sticky pantry puzzles

Sticky Pantry Puzzles


There’s something about puzzles that everyone loves, both kids and adults. Puzzles are awesome for brain development as well as improving and exercising cognitive skills, especially in children!

sticky pantry puzzles

These pantry puzzles are a breeze to make, literally cost the price of the food (which you bought and ate) and kids will be learning and having fun at the same time. As you can probably tell, I love to put things…that should get thrown away…to good use. Recycled crafts are a thing now, and why not?! They’re easy to set-up, cheap and always a lot of entertainment.

Other recycled crafts you might enjoy:

box doll house

paper roll tunnels

colored road map

color match



(this list contains affiliate links)

Permanent markers

Scotch tape


-Cardboard food packages



I’ve intended these puzzles for both of my kids, who are 2 and 4. So I’ve drawn “hints” on the back of each puzzle piece: a shape (either triangle, square, circle, etc. ) that correlated and matched with other puzzle pieces of the same puzzle.

Choose 3 cardboard packages from the pantry (when it’s empty of course). Cut out the front of the packages, tossing the scraps. Cut the flat piece of the package into as many pieces as you’d life. I did simple, 3 to 5 pieces. On the back of each puzzle piece, draw a shape that would match all of the puzzle pieces to one puzzle (see picture below, using different colored permanent marker for each different shape helps too). Now add a pieces of tape to each puzzle piece (also see picture below). Stick all of the puzzle pieces onto an empty wall where the child will have enough room to work. And let’s begin! The child has to flip over the puzzle piece, check the shape and find matching shapes to complete the puzzle. Explain that there’s three puzzle or how ever many you choose.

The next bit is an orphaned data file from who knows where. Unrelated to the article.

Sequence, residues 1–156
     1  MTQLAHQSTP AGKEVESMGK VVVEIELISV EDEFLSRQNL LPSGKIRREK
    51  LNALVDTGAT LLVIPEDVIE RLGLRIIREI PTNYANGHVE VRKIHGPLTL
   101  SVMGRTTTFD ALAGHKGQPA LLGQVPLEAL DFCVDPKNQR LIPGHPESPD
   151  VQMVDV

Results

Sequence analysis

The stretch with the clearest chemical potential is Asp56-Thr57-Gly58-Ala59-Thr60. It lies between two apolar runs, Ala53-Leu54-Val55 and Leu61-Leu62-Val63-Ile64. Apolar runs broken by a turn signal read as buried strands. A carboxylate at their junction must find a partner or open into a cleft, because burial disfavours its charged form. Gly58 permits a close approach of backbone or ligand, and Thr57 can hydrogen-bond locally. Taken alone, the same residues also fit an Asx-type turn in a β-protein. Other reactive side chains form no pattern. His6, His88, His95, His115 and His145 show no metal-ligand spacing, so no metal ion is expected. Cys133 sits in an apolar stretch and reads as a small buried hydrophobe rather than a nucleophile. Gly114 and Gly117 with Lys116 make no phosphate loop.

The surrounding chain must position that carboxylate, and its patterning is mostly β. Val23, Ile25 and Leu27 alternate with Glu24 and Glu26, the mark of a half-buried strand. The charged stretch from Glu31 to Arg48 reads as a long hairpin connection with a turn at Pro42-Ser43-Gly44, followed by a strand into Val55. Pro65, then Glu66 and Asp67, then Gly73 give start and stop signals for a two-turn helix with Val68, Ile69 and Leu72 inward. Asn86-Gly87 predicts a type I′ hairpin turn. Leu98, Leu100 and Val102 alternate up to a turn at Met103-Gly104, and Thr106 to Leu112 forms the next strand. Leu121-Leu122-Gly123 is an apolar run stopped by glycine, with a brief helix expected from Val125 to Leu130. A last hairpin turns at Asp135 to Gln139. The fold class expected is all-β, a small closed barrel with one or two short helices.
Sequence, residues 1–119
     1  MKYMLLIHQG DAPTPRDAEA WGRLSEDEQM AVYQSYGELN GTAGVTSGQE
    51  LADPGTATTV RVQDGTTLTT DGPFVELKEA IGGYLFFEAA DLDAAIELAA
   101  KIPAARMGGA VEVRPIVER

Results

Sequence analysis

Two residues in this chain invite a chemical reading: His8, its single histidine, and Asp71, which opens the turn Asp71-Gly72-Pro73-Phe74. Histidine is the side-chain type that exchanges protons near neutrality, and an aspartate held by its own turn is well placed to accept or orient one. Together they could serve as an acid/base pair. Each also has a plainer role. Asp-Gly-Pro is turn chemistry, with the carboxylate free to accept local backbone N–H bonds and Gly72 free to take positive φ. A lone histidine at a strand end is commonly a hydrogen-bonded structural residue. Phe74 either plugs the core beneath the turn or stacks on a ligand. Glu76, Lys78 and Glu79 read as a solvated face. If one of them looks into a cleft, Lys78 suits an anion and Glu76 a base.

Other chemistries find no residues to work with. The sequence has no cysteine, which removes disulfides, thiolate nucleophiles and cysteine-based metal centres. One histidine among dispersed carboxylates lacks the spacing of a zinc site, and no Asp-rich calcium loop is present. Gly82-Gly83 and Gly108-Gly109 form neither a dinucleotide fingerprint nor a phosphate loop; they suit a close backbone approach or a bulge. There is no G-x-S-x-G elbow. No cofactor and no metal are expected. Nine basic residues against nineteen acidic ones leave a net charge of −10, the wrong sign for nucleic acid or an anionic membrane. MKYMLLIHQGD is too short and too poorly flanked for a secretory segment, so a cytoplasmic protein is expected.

sticky pantry puzzles

sticky pantry puzzles

What is my child learning?

-Brain development

-Cognitive skills





Puzzles are like weight lifting, except for the brain. They exercise and help improve nerve connections in the brains, and even build new ones. Kids need to use their cognitive skills, a.k.a thinking. This includes looking at the puzzle pieces, anazlying, processing and comparing each other. With these simple puzzle, young children learn and memorize colors, shapes and can even learn to differentiate letters of the alphabet.

sticky pantry puzzles

sticky pantry puzzles

Now come on! You probably have something aaaalllmmoost empty in the pantry, why not recycle it and make a puzzle!


You may also like...

Leave a Reply

Your email address will not be published. Required fields are marked *